BlackBerry BBM, email offline AGAIN
- October 11
BlackBerry services splutter back into action, again - October 11
RIM stands, staggers, falls again - October 12
BlackBerry stumbles to feet, full of apologies - October 13


Why the concept of “The Cloud” is as old as dirt, and about as useful

The Cloud

Cloud? Mist? Fog?

I can't stand it.

I have reached the end of my rope with this stupid, stupid buzzword: The Cloud.

Cloud? Does anyone even know from where (or how) this term was derived? Likely from the typical symbol used to indicate the space between networks. This could be the public internet, an intranet, or even the PSTN (for those youngsters who may not be familiar with that acronym, that's the Public Switched Telephone Network, or the "phone system").

So, what the h-ll is it?

In the late 1990's, the big internet acronym was ASP (Application Service Provider). The concept was a good one, though fraught with numerous problems: security, performance, the stability of the provider's network infrastructure, the quality of the connection on the client's side of the link, and of course, the usual customer service issues.

The idea was simple: instead of purchasing your own application and the big iron to run it, you could essentially "rent" the application on someone else's systems (what we now call "hosted") and pay for it based on time, number of concurrent or overall users, volume of data storage, and/or a number of other factors.

Sound familiar? It should. Web hosting has been done like this for ages. In fact, since the internet became a "public" space and smaller companies (and individuals) who did not own their own web servers but who were desirous of maintaining a web presence, web server space has had a market. Likewise, hosted email systems have flourished over the years. YouTube is a major player in this type of space. They host files (audio & video). Their revenue model, however, is to mainly collect from third parties, in the form of advertising, vs charging the hosting clients directly (in most cases). Still, the concept of "your stuff, stored & accessed from somewhere else" is the same.

The security issue becomes the main concern (to me). What is to keep one of these outfits from setting up offshore somewhere (offshore here refers to outside the US - or outside your country, wherever that might be), accessing your data, selling it to some third party/ies, and then just closing up shop? Nothing. Not every country has a treaty with my country. If I am wronged in this manner, I'm pretty much out of luck.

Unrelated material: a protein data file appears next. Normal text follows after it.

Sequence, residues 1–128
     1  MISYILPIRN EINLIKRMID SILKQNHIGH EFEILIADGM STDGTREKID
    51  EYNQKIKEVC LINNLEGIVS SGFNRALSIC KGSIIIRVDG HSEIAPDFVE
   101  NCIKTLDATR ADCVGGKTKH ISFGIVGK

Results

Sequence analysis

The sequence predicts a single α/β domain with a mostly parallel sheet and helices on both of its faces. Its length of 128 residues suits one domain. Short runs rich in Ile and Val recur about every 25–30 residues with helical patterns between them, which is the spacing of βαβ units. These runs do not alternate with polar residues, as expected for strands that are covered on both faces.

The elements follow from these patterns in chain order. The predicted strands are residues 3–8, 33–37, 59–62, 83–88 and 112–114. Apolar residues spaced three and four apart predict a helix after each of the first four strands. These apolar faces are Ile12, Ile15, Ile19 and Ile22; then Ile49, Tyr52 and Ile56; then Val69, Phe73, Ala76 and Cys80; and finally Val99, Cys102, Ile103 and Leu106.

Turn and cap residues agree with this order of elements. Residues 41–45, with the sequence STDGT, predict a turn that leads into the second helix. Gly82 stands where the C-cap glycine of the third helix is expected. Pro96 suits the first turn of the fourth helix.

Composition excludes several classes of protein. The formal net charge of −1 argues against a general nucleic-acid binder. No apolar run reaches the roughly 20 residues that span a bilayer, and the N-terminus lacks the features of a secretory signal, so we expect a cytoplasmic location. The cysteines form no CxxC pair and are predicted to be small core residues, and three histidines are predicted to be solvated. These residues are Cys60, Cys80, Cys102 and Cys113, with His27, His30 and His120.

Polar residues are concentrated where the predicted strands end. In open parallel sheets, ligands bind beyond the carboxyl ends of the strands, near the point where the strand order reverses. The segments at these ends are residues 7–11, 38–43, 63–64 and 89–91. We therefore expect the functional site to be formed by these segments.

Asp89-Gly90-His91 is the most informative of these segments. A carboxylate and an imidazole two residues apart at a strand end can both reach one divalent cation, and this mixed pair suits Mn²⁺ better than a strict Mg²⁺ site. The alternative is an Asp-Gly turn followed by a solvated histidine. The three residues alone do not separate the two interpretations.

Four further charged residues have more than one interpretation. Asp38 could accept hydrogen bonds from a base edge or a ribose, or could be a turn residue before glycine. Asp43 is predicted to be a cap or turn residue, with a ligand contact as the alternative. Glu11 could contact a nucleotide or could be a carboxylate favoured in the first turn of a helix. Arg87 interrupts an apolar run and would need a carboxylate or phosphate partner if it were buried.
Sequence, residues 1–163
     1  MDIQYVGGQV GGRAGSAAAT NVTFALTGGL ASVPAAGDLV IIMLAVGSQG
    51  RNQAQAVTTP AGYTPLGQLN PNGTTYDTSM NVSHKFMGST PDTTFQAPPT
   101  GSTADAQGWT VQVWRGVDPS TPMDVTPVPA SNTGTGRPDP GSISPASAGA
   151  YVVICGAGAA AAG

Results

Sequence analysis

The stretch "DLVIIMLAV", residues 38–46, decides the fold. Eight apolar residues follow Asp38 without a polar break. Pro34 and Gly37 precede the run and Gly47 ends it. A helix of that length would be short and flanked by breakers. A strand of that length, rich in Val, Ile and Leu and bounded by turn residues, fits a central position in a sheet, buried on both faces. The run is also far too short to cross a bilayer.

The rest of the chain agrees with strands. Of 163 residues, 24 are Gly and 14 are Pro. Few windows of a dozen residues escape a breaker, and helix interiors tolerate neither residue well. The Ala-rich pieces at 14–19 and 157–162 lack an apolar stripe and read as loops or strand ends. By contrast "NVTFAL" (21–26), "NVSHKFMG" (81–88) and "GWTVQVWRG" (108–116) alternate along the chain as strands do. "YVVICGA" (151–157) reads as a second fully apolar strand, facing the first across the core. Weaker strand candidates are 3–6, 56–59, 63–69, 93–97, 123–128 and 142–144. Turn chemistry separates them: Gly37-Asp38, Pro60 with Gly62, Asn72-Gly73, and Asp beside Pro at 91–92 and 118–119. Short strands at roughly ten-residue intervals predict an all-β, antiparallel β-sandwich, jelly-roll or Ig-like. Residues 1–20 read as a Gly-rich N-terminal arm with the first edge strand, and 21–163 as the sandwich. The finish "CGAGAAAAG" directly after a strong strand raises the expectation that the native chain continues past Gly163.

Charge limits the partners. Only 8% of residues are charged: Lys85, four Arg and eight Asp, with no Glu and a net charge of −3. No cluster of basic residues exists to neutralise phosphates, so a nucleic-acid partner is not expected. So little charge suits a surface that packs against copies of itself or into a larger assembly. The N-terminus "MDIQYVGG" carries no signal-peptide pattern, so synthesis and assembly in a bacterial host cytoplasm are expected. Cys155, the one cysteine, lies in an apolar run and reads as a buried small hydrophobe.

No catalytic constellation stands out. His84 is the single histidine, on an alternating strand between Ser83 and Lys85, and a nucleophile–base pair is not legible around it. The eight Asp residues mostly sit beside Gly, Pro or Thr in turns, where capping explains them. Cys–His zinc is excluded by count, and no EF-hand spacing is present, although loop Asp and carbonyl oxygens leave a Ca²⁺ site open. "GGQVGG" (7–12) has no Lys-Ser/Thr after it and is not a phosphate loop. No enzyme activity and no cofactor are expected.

In addition, I have no guaranty that the provider of these so-called "cloud" services has the infrastructure in place to handle my load once he takes on a dozen more clients.

I'm not completely down on the whole IaaS or SaaS ("Infrastructure as a Service" or "Software as a Service") idea. I just think that like most things, it has its uses, and it is not the answer to everyone's problems in all cases, contrary to what the marketing types would like the huddled masses to think.

Web hosting, where data is not particularly private, and where downtime isn't going to cause someone loss of life, liberty, or money (loss of happiness is a bit easier to bear, when compared to the others), makes sense if the cost is commensurate with the risk. Likewise, email hosting works the same way. However, putting my financial data on someone else's server(s), located who-knows-where (and just because the company's website says the facility is located in New Jersey doesn't - and I hate to break this to some of you - necessarily mean that that's really where it is), and with g-d-only-knows who running it, just doesn't sound like the best idea for me, as compared to hosting my own data on a server in the next room, run by me or by someone hired and trained by me (and that's not to say that it is ever entirely safe to trust anyone with your data).

The Cloud is merely the latest marketing hype word for something hosted somewhere else. Whether that something is your website, your email system, your backup (I'll save my rant about offsite backup for another post), or your precious business-critical data, it's exactly the same: you, giving up control over your data to someone else, located somewhere else, and usually replicated across two to two hundred servers, over which the only control you have is the power to withhold payment for services.

Sounds pretty thin to me, more like The Fog than the Cloud.